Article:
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How To Read & Use The Histogram On Your Digital Camera

What's the Histogram and how can you make the most of what it's got to offer? Find out with the help of our 5 top tips.

|  General Photography
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What Is It?

Looking at the Histogram on your camera can help you improve the overall exposure of your images and it’s a tool that’s available on most models. It’s a graph that represents the range of tones that are in the image you’ve taken so you can analyse the shot to make sure the exposure is correct before you move on to take a photo of something else. The left side of the graph shows the darker tones and the right the lightest.

You can set your camera to show a histogram at the same time you preview your shots, see your camera’s manual for more information on how to do this.


Why Should I Use It?

Even though the histogram looks at the tonal range of your shot, it’s a quick way for you to see if your shot is really over or underexposed. If your shot’s underexposed it will look too dark while an overexposed will look a lot brighter than it needs to be and really light areas can look blown out as they lack detail.


What Does It Mean?

If the graph is occupying mostly the left-hand side it means your image has more dark tones than light (underexposed) and if it’s shifted to the right, there are more lighter tones (overexposed) which means you could have really bright areas that look blown out.

A 'good' histogram that shows an even exposure will peak more towards the middle and get lower to either end.

Also, as a side note, when you playback your images there’s an option you can set that makes the highlighted areas ‘blink’ so you can pinpoint their exact location. Check your camera’s manual for the instructions on how to do this.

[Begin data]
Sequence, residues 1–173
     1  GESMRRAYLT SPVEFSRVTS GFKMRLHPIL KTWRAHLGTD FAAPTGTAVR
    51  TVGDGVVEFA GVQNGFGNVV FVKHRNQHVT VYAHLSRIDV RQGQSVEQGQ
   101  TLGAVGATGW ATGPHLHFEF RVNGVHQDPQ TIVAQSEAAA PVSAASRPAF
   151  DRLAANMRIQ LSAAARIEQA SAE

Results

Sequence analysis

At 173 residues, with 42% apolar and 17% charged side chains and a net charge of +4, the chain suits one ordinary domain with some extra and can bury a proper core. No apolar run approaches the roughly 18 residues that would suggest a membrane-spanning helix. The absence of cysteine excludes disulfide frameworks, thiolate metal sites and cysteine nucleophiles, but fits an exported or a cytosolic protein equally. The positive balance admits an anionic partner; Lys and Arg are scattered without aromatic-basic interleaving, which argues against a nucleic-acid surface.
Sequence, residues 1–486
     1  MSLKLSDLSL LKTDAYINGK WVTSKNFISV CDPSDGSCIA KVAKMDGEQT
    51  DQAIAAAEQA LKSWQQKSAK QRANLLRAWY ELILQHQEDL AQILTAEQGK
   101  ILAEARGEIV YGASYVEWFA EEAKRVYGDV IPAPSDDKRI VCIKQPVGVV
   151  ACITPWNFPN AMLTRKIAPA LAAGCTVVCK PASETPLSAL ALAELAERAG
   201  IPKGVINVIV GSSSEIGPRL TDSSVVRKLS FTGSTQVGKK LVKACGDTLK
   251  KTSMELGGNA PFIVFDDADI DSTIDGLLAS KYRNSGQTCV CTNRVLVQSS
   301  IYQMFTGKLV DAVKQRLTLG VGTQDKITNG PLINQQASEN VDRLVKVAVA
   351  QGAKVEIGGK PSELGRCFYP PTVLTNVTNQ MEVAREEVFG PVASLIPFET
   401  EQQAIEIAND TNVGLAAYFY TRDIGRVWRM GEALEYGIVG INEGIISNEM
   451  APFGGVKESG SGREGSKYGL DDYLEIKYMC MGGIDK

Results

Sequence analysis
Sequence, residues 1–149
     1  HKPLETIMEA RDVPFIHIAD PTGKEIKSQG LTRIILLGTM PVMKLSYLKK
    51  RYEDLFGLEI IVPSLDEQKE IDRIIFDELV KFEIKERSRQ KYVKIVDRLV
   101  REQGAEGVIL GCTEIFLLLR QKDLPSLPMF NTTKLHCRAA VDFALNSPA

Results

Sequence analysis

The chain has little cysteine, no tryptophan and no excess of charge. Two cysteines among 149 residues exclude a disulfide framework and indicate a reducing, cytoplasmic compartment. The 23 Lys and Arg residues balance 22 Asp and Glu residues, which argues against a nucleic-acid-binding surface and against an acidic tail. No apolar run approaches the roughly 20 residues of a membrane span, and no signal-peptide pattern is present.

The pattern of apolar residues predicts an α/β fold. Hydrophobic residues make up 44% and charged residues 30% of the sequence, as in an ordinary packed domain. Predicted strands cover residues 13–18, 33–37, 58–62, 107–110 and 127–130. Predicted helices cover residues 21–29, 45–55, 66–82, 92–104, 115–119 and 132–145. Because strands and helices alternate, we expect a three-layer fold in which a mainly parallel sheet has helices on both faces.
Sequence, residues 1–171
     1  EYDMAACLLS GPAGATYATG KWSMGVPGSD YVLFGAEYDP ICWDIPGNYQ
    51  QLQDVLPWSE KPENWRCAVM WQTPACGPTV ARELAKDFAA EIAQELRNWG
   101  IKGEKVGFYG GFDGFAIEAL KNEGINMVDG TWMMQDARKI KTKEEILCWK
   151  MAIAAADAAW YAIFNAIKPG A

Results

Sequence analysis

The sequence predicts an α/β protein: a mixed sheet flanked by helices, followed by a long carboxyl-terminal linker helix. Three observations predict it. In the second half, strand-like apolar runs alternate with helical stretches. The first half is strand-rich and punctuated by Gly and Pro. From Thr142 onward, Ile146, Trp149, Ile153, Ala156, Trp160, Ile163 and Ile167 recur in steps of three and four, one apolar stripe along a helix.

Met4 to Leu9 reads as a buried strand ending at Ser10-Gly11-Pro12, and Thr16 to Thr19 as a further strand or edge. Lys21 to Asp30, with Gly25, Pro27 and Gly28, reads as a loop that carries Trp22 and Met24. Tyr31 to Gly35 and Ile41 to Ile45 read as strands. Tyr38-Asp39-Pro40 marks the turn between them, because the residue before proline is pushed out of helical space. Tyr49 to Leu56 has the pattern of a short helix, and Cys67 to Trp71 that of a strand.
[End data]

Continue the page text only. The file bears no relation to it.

When To Use It?

How often you check your histogram is up to you but generally, cameras are quite good at setting the exposure for most scenes. However, there are a few scenarios that can confuse your camera and these are the times it’s worth checking the histogram. For example, if you have a scene that varies drastically in tones so you have really bright areas as well as dark shadows.

The same goes for times when you’re using the same settings for a series of shots that you want the exposure to be the same for each. This could be taking a series of portraits that you’re going to combine into a multi-portrait that shows one person in several different locations in your shot. If the exposure isn’t the same in all the shots they won’t blend together seamlessly and it either won’t work or it’ll mean you have more post-production work to do.

There are times when the readings on the histogram would be right, your shot isn’t correctly exposed, however you may have done this on purpose so it can be ignored. When is this true? Well shooting a silhouette would give you a histogram that isn’t considered ‘correct’ likewise for a shot where the ground and sky are of a similar tonal range such as one a beach or when it snows.

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JJGEE 17 8.0k 18 England
24 Feb 2016 7:18AM
Seems a bit easier than taking, what is generally referred to as, polaroids back in the film era !
CatMouse 18 115 Russian Federation
24 Feb 2020 8:09AM
Yes, it's a light registering graph which you recommends for justify to the 'normal distribution'.
However, for the real scene a more complex lighting is needed . First of all, for the it's volume transferring.

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